WEST LAFAYETTE: MAYOR DENNIS SAYS PANDEMIC TAKES TOLL - West Lafayette Mayor John Dennis has one goal in mind for 2022, and that's ending the pandemic (WLFI-TV). "That's a real top priority for me," he said. "In order for the government to work well, in order for elected officials to be able to interact with our population, it's imperative that we play by the rules, and the number one rule is to get vaccinated and get your boosters." He said the pandemic entering its second year is taking a toll on everyone. "We're not going to get through this just because of willpower," Dennis explained. "We need to make sure that we're all pulling on the same side of the rope, getting vaccinated, wearing masks, keeping our distances, and trying to get closer to a sense of normalcy with those mild restrictions put on us."


INDIANAPOLIS: SNIDER TO HEAD INDY PRIDE - Indy Pride announced Shelly Snider has officially taken over as the organization's executive director on Monday (WRTV). Born and raised in Indianapolis, Snider previously served as the assistant director of career services at the Purdue School of Engineering and Technology at the Indiana University Purdue University of Indianapolis (IUPUI). She worked in this role for nearly ten years.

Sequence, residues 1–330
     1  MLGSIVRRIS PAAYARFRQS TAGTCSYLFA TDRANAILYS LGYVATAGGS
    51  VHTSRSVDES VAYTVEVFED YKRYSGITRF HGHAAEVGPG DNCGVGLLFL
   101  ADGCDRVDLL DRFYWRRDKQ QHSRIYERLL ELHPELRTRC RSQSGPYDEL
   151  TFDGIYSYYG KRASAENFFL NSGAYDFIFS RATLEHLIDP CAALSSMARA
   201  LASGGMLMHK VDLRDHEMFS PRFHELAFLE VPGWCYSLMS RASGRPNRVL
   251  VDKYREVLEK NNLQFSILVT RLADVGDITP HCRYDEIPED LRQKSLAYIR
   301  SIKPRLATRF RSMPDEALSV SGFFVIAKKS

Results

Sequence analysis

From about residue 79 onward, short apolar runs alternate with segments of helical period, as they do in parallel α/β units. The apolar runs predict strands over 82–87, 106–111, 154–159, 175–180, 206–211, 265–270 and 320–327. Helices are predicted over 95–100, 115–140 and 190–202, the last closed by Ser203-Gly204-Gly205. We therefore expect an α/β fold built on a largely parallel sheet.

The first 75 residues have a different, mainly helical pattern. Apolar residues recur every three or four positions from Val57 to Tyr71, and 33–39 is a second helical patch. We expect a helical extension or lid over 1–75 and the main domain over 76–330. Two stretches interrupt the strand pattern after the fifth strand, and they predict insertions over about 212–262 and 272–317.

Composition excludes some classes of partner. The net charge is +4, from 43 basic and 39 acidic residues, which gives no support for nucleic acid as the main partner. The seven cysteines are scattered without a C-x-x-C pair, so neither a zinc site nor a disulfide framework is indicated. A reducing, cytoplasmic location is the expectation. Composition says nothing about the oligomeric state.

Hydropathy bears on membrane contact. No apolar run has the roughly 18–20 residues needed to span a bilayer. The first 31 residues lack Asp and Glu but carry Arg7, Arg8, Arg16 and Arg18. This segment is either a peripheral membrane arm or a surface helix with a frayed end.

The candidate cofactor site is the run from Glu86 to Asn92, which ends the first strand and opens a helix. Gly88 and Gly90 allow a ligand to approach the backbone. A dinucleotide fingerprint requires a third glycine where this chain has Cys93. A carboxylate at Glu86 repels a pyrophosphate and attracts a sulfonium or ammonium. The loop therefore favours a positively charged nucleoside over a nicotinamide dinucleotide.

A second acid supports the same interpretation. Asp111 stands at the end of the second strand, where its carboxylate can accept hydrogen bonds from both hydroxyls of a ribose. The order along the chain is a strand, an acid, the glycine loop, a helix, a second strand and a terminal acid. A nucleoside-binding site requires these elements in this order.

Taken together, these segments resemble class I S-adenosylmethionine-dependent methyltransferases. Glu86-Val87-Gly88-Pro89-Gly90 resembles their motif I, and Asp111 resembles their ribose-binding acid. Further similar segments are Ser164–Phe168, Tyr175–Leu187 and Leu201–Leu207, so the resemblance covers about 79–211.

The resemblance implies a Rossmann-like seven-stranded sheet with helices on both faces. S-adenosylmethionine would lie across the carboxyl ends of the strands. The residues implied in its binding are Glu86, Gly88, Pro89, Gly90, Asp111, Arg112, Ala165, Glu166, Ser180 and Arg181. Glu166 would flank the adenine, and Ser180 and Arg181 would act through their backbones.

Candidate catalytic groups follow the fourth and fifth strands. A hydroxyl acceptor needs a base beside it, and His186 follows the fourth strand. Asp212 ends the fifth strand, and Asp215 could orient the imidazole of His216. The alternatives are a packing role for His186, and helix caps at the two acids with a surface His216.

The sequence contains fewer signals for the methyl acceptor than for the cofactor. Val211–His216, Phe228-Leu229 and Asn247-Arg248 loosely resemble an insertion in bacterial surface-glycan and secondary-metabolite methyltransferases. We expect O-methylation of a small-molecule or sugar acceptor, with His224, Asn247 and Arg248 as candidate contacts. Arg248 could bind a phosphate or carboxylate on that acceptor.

SOUTH BEND: CITY, SCHOOLS EYE FREE WIFI FOR STUDENTS - Since the fall of 2020, the city of South Bend, the South Bend Community School Corporation and local nonprofit enFocus have partnered to provide qualifying students with free internet access for e-learning. Now, eligibility for the program is expanding (WVPE). Census data shows about 30 percent of South Bend residents don’t have adequate broadband access, which comes out to about 3,500 students who may struggle to participate in e-learning. The city received $1.8 million to distribute internet equipment through the Governors Emergency Education Relief Grant.